What is my credit score? It sounds like a pretty simple question, doesn’t it? Most people are only vaguely aware of what their credit score is. The consumer may know she has good credit or maybe not-so-good credit, but few know the actual score. Unscrupulous car dealers can use this lack of knowledge to their benefit. If a potential buyer comes into a dealership and expresses interest in buying a car at some point the buyer’s credit score may be checked. The finance department may say that due to the buyer’s poor credit score the loan can only be made at a higher than typical interest rate.
From the perspective of the buyer higher interest rates on the same loan amount mean that the loan payments will be higher or that the term of the loan will be longer. Higher interest rates cost consumers hard-earned money. Higher interest rates can mean that the dealership and the finance company make more money on the deal. Some dealers may engage in fraud to get you to agree to higher than necessary interest rates.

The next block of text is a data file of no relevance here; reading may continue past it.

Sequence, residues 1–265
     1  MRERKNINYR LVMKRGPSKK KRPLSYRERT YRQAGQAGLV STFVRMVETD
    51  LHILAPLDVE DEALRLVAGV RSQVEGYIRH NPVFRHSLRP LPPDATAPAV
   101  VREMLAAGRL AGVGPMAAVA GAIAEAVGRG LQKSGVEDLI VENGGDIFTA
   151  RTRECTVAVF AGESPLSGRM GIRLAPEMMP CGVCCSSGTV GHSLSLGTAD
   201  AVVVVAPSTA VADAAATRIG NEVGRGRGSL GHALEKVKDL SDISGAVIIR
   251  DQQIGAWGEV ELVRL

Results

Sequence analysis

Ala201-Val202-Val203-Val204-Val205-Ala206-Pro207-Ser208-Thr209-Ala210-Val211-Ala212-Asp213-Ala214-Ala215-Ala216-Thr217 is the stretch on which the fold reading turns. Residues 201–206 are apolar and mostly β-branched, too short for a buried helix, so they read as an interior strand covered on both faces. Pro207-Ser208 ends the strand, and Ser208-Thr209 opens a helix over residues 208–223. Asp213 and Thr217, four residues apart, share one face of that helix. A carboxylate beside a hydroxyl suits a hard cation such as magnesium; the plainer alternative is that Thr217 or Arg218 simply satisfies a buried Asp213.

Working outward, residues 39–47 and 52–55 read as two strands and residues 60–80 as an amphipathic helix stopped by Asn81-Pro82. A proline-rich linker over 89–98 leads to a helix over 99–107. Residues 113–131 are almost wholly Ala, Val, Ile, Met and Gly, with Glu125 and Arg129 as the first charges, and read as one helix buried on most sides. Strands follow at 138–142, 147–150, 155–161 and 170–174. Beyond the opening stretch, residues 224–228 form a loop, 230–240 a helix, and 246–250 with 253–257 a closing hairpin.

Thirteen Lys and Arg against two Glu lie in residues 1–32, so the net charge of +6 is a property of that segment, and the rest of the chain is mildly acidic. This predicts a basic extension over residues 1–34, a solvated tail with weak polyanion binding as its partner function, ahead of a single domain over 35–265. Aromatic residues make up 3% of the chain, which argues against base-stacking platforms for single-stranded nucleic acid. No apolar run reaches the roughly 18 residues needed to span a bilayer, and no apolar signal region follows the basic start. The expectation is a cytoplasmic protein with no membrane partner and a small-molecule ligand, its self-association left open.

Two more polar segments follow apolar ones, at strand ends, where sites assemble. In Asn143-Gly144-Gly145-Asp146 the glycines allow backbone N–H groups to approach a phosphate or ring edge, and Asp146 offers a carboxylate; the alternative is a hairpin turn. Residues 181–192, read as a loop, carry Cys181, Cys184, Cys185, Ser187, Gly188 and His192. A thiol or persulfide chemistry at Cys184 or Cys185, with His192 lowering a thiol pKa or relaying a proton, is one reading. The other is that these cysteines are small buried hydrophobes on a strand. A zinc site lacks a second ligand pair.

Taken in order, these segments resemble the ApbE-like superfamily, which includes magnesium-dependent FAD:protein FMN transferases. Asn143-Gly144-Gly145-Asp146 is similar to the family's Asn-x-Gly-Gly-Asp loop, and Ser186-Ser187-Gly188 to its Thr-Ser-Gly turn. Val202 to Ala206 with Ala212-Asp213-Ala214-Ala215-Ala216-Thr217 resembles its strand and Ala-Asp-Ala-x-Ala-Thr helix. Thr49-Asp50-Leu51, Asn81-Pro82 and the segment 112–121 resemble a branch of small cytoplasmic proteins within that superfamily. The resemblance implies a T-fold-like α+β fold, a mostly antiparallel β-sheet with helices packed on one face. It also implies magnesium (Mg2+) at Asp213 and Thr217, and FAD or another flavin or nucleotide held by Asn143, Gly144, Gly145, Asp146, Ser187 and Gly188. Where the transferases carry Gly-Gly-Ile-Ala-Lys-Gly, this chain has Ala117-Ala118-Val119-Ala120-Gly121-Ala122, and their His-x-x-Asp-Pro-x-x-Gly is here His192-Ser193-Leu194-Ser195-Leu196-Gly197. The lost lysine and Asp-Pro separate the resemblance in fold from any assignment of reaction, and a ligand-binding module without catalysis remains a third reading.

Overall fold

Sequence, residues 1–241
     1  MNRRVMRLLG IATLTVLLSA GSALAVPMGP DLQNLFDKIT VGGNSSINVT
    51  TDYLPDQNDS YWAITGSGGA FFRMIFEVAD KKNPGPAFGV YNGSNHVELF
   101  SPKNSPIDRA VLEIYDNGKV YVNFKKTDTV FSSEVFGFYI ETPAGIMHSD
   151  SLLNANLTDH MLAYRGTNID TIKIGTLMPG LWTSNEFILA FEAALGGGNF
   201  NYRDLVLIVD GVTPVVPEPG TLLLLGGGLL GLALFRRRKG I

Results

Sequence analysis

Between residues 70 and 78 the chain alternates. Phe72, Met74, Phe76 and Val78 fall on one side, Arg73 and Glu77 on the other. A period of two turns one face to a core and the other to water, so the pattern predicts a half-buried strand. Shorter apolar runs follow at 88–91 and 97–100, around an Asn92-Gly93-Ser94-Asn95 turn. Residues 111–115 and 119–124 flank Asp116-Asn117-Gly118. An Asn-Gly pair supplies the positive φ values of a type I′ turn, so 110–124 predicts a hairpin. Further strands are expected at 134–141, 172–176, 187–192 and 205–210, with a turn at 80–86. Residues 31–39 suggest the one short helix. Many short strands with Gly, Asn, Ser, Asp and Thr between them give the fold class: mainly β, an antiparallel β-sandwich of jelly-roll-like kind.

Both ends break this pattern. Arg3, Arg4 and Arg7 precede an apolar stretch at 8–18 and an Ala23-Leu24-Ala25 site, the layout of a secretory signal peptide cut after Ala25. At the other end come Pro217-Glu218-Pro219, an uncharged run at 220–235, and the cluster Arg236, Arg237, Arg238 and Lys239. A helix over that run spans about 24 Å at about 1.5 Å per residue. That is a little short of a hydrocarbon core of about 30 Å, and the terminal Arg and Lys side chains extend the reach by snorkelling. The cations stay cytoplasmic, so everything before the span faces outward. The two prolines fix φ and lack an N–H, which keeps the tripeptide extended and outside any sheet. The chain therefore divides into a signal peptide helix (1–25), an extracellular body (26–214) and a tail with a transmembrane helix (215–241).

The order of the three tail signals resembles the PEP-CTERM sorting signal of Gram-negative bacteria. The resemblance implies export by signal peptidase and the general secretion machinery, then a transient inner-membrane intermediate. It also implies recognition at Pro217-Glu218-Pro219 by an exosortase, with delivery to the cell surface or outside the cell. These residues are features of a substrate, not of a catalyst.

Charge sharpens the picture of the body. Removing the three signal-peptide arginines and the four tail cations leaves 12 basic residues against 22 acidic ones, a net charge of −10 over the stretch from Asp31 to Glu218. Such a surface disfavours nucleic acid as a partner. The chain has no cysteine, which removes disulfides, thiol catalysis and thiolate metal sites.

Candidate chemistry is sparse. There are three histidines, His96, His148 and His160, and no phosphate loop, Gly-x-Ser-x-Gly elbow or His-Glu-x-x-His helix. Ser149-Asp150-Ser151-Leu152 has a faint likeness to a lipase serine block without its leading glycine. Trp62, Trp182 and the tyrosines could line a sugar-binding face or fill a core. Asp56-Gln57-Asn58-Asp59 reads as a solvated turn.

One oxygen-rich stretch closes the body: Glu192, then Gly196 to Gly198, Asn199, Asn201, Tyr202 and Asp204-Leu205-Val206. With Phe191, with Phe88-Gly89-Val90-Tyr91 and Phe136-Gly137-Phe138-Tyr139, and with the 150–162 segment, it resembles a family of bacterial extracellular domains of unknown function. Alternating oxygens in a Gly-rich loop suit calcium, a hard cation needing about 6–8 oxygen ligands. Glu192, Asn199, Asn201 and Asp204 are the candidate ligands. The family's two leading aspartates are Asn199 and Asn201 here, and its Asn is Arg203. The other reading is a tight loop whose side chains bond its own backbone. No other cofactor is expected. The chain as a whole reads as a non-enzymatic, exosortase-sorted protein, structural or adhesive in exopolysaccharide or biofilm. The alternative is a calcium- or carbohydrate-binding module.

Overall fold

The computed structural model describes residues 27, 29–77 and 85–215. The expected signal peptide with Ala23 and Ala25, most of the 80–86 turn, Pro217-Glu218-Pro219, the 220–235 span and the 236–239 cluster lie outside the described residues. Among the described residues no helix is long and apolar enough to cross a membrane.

You may have had some late payments due to personal situations like ill health, divorce, or being laid off. Late payment histories may negatively affect credit scores. On the other hand, the dealer may be misleading you to generate higher payments and extra profit. Information is power, check with the three primary credit-reporting agencies before shopping for a car or any large purchase that will be made on credit. If you know what your score is you will be less likely to be misled by incorrect information from a salesman. The three primary credit reporting agencies are Experian, Equifax, and TransUnion. You may be asked to pay a small fee to get your credit scores.